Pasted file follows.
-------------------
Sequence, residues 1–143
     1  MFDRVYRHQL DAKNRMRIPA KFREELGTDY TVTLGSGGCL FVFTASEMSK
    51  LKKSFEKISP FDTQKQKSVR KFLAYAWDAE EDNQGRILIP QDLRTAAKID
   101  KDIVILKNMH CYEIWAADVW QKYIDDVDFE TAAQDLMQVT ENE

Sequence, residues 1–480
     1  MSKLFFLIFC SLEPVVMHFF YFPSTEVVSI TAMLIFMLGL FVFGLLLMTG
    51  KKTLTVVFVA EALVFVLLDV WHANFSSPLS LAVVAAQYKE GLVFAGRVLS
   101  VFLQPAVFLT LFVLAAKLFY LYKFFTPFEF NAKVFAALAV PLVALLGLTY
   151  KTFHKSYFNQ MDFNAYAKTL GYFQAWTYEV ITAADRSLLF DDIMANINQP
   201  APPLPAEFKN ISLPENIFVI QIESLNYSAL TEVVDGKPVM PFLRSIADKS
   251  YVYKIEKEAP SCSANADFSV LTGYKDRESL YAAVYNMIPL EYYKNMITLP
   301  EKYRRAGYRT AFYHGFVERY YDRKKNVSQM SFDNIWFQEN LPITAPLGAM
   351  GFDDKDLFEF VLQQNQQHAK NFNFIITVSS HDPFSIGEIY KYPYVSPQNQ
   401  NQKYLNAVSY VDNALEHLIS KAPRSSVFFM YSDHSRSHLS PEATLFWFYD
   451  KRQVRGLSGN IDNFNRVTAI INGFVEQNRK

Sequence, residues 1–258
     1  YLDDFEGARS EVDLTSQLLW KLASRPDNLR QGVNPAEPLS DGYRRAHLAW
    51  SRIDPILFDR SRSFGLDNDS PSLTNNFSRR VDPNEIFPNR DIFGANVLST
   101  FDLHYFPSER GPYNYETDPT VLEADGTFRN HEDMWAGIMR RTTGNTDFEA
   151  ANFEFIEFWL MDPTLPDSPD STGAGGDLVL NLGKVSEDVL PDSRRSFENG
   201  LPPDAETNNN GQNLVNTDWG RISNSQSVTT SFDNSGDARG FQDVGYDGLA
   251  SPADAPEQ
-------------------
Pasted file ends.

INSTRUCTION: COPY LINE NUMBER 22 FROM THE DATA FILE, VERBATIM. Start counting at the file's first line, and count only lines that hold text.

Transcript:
   251  SPADAPEQ